Detroit-area health agencies recommend masks in indoor public places | PA

DETROIT – Health departments in Detroit, Oakland, Macomb, Wayne and Washtenaw counties are recommending that all residents wear masks in indoor public places as the rate of COVID-19 infection has increased.

All of Metro Detroit has gone from a “medium” to “high” level of community transmission, indicating residents are more likely to be exposed to COVID-19, the Detroit Health Department said Wednesday.

The recommendation is for both those who are vaccinated and those who are not.

Ferndale Public Schools on Monday reimposed an indoor mask mandate for staff and students “to ensure that we are doing everything we can to keep our students and staff healthy and our schools open…”, according to a statement posted Friday on the district’s website.

Communicability is considered “high” by the Centers for Disease Control and Prevention when weekly cases increase by 100 or more weekly cases per 100,000 people.

Wayne County has 323 weekly cases per 100,000 residents, according to the state health department. As of Monday, Oakland County had 372 cases per 100,000 population, Macomb County had 347 cases per 100,000 and Washtenaw County had 521 cases per 100,000 population.

According to the CDC, people in counties with high transmission rates are recommended to wear masks indoors in public places, including K-12 schools.

Cases in the Detroit metro area and throughout Michigan have been rising for more than a month. There are 16 counties that are considered “high” transmission in Michigan. Detroit, Macomb and Wayne counties released their recommendation on Wednesday. Oakland and Washtenaw released their recommendation on May 12.

Immunocompromised individuals should wear a mask or respirator for added protection and consider avoiding non-essential indoor activities. If you are exposed, self-isolate for five days and get tested.

The Detroit Health Department recommends that vaccinated and unvaccinated individuals:

—Wear a mask in indoor public places or crowded spaces

—Get tested if they think they have been exposed or have symptoms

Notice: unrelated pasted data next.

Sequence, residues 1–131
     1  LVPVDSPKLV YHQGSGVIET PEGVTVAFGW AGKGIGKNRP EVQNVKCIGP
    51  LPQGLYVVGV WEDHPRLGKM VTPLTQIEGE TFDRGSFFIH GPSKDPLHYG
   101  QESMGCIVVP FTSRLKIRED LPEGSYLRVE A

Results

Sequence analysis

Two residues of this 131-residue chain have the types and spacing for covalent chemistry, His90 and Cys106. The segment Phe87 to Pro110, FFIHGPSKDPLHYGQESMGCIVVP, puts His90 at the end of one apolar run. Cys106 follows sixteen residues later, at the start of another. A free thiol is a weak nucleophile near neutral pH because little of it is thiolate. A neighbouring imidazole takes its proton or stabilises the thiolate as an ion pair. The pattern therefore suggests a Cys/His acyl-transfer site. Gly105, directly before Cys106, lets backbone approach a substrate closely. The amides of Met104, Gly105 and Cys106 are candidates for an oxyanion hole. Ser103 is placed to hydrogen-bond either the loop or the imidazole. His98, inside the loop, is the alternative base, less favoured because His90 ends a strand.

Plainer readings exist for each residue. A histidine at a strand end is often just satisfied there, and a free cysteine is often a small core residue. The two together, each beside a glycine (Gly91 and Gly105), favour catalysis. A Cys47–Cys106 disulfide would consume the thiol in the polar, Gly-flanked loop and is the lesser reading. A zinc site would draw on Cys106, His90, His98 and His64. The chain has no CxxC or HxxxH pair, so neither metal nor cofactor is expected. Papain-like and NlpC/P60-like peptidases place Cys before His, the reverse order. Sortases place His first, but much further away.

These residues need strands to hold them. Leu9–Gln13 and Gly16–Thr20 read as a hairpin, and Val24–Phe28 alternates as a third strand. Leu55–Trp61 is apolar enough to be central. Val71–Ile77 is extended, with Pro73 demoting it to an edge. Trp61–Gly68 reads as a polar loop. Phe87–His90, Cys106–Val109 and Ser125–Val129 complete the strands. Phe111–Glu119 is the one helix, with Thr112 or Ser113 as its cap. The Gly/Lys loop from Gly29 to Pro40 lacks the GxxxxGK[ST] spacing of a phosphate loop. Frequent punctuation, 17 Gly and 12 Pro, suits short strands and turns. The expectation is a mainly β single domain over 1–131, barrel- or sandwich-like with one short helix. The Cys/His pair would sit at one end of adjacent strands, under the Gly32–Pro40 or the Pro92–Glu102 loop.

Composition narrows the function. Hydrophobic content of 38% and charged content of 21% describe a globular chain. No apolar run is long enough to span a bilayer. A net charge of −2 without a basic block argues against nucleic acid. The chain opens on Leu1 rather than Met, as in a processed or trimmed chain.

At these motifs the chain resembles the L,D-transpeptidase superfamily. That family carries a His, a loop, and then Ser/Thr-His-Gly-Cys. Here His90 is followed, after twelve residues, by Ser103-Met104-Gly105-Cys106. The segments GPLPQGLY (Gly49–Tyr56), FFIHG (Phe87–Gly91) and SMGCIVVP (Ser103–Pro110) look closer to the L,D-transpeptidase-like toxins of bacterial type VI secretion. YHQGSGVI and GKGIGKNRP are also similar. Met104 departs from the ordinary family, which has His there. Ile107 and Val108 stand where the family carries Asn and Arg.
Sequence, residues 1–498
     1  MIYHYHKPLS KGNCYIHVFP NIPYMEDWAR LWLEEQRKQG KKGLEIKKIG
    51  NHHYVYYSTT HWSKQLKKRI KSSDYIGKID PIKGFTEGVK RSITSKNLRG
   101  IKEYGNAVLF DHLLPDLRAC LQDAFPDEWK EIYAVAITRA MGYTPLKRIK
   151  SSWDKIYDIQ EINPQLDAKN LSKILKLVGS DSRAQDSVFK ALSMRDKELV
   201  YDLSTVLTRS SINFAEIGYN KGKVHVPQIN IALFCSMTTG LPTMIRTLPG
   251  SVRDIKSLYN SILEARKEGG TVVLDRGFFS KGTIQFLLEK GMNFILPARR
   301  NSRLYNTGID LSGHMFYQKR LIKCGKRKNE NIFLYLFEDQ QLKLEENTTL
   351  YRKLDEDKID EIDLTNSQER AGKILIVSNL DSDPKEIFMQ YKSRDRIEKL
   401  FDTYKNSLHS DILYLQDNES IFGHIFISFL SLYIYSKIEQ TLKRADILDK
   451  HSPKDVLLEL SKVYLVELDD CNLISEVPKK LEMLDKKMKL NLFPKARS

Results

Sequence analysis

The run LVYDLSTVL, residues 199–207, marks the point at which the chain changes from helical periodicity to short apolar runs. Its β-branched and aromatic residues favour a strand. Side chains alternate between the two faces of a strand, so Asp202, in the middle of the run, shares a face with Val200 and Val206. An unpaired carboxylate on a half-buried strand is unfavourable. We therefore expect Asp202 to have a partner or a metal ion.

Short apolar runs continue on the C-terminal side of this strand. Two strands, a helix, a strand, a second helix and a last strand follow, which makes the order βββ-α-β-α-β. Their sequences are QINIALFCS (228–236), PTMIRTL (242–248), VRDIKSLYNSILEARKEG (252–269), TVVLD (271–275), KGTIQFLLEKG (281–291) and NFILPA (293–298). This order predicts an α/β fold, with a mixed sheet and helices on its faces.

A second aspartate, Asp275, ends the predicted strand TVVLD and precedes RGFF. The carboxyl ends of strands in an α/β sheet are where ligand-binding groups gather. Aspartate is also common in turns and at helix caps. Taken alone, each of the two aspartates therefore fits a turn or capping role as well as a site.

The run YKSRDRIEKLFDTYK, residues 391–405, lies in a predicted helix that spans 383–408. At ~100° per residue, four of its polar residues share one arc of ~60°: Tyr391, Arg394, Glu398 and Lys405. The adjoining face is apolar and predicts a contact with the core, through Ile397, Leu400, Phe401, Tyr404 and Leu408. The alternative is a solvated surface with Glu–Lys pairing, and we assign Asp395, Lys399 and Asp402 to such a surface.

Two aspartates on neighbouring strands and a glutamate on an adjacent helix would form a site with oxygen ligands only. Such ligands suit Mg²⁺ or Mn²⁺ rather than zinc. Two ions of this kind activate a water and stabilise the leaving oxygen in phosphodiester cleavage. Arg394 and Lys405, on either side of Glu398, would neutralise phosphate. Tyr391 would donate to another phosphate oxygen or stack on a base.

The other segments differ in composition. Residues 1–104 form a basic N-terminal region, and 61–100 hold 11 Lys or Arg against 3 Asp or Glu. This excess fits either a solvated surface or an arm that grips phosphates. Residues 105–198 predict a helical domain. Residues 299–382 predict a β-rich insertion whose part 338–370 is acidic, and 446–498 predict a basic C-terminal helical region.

—Get vaccinated and boosted to ease symptoms of COVID-19

People who test positive for COVID-19 should talk to their healthcare provider about treatments like oral antivirals and monoclonal antibodies.

Other Michigan counties that remain at a “high” level are Antrim, Benzie, Calhoun, Cheboygan, Chippewa, Emmet, Grand Traverse, Kalkaska, Livingston, Mackinac, Manistee and St. Clair. Another 28 counties have a “medium” level of transmission, according to the state health department.

Detroit is the latest city to be chosen for a nationwide program dubbed “Test to Treat,” which city officials have touted as a one-stop COVID-19 service. Residents can receive a test, a medical evaluation and if positive, receive free antiviral medication. Appointments must be made in advance by calling (313) 230-0505.

Detroit is one of the hardest hit cities in the country with 130,586 confirmed cases resulting in 3,428 deaths.

About 42% of all Detroit residents age 5 and older have been fully vaccinated, compared to 61% of Michigan residents.

“The numbers show an increase in cases that we know can cause stress to local hospitals,” said Denise Fair Razo, public health officer for the Detroit Health Department. “We have worked hard to reduce the spread of COVID-19 and taking these precautions will help us continue to thrive.”

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